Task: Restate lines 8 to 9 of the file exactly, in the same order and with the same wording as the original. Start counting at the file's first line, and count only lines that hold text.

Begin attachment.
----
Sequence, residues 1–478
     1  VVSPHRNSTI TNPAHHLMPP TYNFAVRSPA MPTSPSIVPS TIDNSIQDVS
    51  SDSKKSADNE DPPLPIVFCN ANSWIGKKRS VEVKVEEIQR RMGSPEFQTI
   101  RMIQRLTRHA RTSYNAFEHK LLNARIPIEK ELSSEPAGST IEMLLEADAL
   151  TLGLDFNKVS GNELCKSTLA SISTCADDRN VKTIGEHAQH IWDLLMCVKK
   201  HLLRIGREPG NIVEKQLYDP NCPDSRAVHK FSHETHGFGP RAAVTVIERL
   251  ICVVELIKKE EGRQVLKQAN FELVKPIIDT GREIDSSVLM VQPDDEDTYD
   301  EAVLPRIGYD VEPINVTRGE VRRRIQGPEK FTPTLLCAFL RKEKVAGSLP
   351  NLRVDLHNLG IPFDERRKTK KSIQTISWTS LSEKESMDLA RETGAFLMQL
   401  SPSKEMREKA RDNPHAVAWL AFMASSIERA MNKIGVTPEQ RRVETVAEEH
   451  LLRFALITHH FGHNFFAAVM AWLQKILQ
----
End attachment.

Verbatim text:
   301  EAVLPRIGYD VEPINVTRGE VRRRIQGPEK FTPTLLCAFL RKEKVAGSLP
   351  NLRVDLHNLG IPFDERRKTK KSIQTISWTS LSEKESMDLA RETGAFLMQL